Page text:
Enjoy this won­der­ful prov­i­dence and grace of the Lord. May you be blessed and sanc­ti­fied as you reach out to others.

Come fly with me…

Come fly with me…

My hus­band likes to take me fly­ing. He’s a pilot. That’s what they do. He some­times wisks me away for my birth­day or our anniver­sary. We have fun, of course. I guess that’s stat­ing the obvi­ous. Funny thing, I never flew with him until recently. He was this fighter test pilot in the Air Force, and that’s just what he did. After he retired, he started fly­ing gen­eral avi­a­tion air­craft. He would take the kids up on short lit­tle local flights, much to their delight, but I just stayed home with who­ever wasn’t fly­ing that day.

Then, one day he said he had planned a sur­prise get­away for us, and that I needed to pack an overnight suit­case. Um. Small air­plane? Are you sure you know how to do this? Did I men­tion that he had been fly­ing fighter air­craft as a test pilot? He had oodles of train­ing and expe­ri­ence. So, I packed my bag and off we went.

flying ready to go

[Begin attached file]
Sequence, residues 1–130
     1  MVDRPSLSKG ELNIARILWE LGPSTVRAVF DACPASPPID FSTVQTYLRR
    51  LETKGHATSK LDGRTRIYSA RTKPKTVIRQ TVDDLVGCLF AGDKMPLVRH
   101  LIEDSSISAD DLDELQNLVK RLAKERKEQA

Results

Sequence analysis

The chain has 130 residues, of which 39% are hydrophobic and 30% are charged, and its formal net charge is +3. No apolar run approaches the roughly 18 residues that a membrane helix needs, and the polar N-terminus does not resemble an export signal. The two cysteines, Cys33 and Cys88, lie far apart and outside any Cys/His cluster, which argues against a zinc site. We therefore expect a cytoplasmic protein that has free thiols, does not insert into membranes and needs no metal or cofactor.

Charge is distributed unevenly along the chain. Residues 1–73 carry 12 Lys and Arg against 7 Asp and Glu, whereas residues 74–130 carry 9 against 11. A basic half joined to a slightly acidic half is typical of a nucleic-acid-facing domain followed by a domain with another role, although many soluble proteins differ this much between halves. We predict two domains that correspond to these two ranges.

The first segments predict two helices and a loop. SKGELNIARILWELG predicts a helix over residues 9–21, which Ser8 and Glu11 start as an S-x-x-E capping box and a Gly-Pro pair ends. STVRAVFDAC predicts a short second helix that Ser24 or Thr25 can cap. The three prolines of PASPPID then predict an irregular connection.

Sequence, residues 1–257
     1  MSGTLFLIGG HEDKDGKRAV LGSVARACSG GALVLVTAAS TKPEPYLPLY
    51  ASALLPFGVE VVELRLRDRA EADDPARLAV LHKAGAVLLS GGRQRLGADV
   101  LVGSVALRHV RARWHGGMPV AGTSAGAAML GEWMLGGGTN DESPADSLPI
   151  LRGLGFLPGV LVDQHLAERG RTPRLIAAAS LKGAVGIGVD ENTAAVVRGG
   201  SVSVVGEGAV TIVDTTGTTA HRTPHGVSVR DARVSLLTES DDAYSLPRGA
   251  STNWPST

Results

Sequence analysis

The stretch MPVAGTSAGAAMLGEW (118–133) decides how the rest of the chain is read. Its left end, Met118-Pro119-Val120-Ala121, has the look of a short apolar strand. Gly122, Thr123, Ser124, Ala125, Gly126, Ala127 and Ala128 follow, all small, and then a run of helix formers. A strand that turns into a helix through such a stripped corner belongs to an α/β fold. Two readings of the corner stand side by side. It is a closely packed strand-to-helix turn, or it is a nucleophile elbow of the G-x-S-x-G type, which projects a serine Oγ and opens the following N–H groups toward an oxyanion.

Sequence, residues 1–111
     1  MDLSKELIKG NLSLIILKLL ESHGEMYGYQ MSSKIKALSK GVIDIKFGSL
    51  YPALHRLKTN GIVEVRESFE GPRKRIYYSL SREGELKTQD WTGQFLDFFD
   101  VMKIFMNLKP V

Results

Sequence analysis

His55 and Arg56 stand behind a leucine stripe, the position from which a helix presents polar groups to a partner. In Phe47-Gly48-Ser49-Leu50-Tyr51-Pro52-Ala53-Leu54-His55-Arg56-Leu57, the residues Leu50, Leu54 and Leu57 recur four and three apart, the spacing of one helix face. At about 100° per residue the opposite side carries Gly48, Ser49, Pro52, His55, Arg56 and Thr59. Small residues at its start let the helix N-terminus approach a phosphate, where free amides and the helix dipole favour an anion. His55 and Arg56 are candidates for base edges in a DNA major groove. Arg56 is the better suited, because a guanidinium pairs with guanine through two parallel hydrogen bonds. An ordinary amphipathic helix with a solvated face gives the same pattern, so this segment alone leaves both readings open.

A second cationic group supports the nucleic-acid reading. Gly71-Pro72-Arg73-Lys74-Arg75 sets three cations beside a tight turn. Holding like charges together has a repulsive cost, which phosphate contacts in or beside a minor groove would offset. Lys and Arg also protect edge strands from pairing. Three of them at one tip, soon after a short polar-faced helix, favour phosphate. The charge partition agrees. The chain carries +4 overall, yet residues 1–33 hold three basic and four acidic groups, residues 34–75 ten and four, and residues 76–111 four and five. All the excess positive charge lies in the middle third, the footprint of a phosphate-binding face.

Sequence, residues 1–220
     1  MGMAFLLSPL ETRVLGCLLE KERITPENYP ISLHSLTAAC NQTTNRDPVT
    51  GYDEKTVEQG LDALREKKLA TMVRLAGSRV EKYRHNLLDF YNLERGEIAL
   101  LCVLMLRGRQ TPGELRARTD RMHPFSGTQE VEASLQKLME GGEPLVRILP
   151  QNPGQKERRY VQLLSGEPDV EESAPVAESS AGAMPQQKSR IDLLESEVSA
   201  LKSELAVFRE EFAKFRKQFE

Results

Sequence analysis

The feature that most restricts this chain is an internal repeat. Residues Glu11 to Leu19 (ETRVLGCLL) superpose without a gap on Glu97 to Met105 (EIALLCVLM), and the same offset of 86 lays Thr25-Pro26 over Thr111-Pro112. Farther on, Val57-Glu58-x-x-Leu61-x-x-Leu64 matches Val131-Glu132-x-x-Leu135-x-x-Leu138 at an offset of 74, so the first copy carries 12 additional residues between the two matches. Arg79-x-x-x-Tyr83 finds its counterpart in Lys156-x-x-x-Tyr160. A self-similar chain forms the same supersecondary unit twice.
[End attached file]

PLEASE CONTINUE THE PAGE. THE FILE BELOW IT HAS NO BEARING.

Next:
Ready for the flight


When we drive some­where, I find that I feel like I can offer some sort of help in his dri­ving. You know, “We need to turn left in 3 miles, you might want to get over.” That sort of (non)helpful com­ment. I was in the air­plane with my hus­band and was speech­less. I had noth­ing to offer. I had no idea what he was doing with all those switches and all those radio calls. Nothing.

And at that moment, my respect for my hus­band shot up 1000%. This man was fly­ing a basi­cally sim­ple air­plane, but had 20 years of expe­ri­ence fly­ing the world’s most com­pli­cated and dif­fi­cult planes. I was in awe. I had never really had a glimpse of what he did. I mean, I’d take the kids to the run­way when they were lit­tle, and they would wave at Daddy as he taxi’d by in his F15.

Mike returning from a deployment in the F15, greeting Jack.

Mike return­ing from a deploy­ment in the F15, greet­ing Jack.

But, I didn’t grasp how well trained and capa­ble he was.